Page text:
At first began some cautious sparring, and here, at a glance, I saw that Dick's agility stood so many points to his favour, though I was dreadfully afraid of the enromous strength of the other man, should they come to close quarters. Hardwicke was the first to begin the music, which consisted of a sound not unlike the rattling of bones on a piece of wood. As the result of this playful attention, the teamster's mouth began to bleed, and spitting the blood upon his adversary, he rushed at him and caught Dick a mighty thump on the chest, which changed the colour of his skin considerably, and caused him to stagger back several feet; but before Joe could follow up his success, Dick had regained his equilibrium, and stepping quickly aside, escaped the savage onslaught of his opponent, but dealt the teamster a terrific blow on the neck, which, coupled with the impetus of his rush, sent him with dreadful violence to the earth.

The man was quickly on his feet again, and rushed with renewed fury upon the cause of his downfall. Dick met him boldly, and the shock of those two meeting fairly shook the earth, as it used to shake beneath the feet of Homer's heroes. They wrestled for a time, and then fell heavily, Dick underneath; and here it must be remarked, to the honour of the bushman, that he took no advantage of my hero's discomfiture, but loosening himself from the arms of his adversary, allowed him to rise.

Again they faced each other, and this time it was clearly


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seen that they meant business, for they trod the ground with a quick, impatient step, their breath coming fast, and their eyes flashing. The teamster seemed not inclined to waste time in fancy sparring, but continued to make desperate lunges in the direction of Dick's mouth. But that worthy was wide-awake, and either dodged the blows or countered with unerring accuracy. The man, Joe, began to show signs of distress, not on account of the punishment he had received, but through the exertion of slogging the air, which he had done to an unmerciful extent. This being not at all to his liking, he made a tremendous rush at Dick, and, breaking through his guard, dealt my cousin such a dreadful blow in the eye as to lay him out on the flat of his back.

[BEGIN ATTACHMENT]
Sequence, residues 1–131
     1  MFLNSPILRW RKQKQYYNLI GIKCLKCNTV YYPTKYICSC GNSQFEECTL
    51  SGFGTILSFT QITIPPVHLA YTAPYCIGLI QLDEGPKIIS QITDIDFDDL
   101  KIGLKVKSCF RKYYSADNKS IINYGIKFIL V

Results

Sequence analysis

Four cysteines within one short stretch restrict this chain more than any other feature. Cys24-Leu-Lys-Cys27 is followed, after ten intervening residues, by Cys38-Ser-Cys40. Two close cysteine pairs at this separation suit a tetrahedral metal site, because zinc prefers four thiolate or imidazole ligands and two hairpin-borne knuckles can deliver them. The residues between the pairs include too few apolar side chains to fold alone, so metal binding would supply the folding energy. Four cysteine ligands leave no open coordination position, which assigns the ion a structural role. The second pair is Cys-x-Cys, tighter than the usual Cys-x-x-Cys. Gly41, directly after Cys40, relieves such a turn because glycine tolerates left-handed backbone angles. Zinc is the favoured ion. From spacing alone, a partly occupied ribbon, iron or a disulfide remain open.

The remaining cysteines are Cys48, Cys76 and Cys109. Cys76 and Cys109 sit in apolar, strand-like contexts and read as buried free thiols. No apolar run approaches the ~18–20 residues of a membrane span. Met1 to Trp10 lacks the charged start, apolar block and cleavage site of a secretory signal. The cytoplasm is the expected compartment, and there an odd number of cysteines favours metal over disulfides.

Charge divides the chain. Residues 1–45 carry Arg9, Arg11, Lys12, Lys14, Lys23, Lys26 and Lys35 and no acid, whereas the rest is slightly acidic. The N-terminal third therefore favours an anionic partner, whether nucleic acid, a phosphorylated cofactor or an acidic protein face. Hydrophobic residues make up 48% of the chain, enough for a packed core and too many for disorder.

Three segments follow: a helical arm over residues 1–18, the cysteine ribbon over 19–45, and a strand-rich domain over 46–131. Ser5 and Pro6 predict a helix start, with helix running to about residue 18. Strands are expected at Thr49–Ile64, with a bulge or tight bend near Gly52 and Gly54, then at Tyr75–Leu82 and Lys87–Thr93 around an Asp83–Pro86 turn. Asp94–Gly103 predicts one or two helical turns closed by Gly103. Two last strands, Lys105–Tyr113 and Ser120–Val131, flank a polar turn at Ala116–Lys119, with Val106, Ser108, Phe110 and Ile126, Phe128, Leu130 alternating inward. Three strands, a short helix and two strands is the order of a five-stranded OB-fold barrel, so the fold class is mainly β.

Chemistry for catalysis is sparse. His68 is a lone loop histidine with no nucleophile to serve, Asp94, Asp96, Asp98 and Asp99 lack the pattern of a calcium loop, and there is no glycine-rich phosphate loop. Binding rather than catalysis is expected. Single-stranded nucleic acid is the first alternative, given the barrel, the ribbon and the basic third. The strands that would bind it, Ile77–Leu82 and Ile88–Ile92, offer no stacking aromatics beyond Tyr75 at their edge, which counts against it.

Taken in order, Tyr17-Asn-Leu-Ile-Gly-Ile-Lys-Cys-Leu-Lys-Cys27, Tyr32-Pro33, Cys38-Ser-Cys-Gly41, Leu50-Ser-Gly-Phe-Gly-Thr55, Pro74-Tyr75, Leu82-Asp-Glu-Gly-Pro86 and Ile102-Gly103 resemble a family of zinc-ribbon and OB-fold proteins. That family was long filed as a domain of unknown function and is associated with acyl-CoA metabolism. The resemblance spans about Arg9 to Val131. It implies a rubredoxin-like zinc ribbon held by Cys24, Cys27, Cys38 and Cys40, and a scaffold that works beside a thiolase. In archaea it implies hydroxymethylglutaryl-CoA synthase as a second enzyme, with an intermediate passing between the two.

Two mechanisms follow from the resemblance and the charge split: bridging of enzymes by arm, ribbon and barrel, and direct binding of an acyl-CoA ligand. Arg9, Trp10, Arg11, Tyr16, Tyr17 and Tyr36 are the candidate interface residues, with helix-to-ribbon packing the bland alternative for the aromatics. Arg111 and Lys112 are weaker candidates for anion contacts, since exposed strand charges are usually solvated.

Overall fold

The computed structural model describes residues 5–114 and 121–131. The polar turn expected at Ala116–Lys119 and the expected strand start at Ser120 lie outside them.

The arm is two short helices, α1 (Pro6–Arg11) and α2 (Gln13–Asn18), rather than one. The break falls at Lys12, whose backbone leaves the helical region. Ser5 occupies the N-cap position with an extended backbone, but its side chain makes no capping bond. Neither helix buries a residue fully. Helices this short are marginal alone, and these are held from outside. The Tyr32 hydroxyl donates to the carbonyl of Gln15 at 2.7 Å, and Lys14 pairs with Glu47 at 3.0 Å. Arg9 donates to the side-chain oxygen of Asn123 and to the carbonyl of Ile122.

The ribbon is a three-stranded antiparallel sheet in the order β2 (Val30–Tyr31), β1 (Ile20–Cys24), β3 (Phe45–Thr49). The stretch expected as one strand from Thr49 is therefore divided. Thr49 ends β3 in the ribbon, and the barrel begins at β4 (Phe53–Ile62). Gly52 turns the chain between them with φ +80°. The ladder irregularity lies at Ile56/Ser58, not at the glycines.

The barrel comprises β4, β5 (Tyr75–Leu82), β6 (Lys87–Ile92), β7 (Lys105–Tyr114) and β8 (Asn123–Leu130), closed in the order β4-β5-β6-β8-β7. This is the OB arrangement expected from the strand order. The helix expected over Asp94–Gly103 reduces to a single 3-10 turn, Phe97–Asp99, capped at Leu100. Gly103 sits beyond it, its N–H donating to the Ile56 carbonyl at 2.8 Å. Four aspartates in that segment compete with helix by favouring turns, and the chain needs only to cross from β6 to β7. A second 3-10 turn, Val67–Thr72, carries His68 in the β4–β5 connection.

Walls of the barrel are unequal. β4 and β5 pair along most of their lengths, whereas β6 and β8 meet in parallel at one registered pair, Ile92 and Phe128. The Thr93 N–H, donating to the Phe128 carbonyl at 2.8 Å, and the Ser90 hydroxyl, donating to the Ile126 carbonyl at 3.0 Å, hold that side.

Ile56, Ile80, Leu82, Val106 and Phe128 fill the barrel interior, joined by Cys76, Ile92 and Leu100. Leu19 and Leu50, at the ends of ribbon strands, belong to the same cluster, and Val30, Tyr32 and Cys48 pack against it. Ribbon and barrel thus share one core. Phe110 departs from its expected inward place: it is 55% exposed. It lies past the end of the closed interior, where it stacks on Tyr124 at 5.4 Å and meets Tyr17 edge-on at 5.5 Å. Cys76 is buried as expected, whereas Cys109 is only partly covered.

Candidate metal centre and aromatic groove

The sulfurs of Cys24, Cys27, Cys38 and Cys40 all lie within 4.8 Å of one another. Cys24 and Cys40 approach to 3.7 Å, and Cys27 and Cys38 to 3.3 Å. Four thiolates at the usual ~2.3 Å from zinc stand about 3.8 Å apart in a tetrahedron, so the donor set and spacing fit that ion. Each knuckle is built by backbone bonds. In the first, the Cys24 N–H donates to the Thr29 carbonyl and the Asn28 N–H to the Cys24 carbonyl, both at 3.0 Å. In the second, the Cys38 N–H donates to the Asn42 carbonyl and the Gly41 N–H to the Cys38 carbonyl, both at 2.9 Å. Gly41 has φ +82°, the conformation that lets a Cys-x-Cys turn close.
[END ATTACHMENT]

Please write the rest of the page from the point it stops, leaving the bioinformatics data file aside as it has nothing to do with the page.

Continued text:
“Well done, Joe! Well done, my lad! Another like that, and his blessed mother won't know him. Upon my sivey, I do believe he's crying!” This remark was caused by Dick, who had arisen with sundry ounces of mud upon him, violently rubbing his eye.

“It's too bad on you, Joe,” his two friends continued. “One would think you was licking into a blessed gum-tree. If you go on like that, you'll end by spoiling his lovely features.” And, tickled with their own fanciful conceits, they laughed aloud.

A broad grin overspread Joe's ugly face. “I didn't want to lick the kid, boys,” he said. “I promised to let him orf with a kickin', but he's so bloomin' particular.”

Things now began to look awkward for our side. Dick had received a very ugly blow, and was busily rubbing his eye, for though he had but lately seen stars, at the present moment he could see nothing with that particular orb.

“Don't hit him in the other eye, Joe; you might spoil the both on 'em—ruin his blessed eyesight,” said one of the fellows in a mock piteous tone.

“You got too much dam jabber-jabber,” cried King Jimmy, whose face was almost white with excitement. “Wait till Mass'r Dick finish. He knock him dam head clean off.”




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Dick turned to his enthusiastic follower and smiled.

Jimmy broke out once more. “Remember Black Pete, Mass'r Dick; Black Pete on the Limestone Creek.”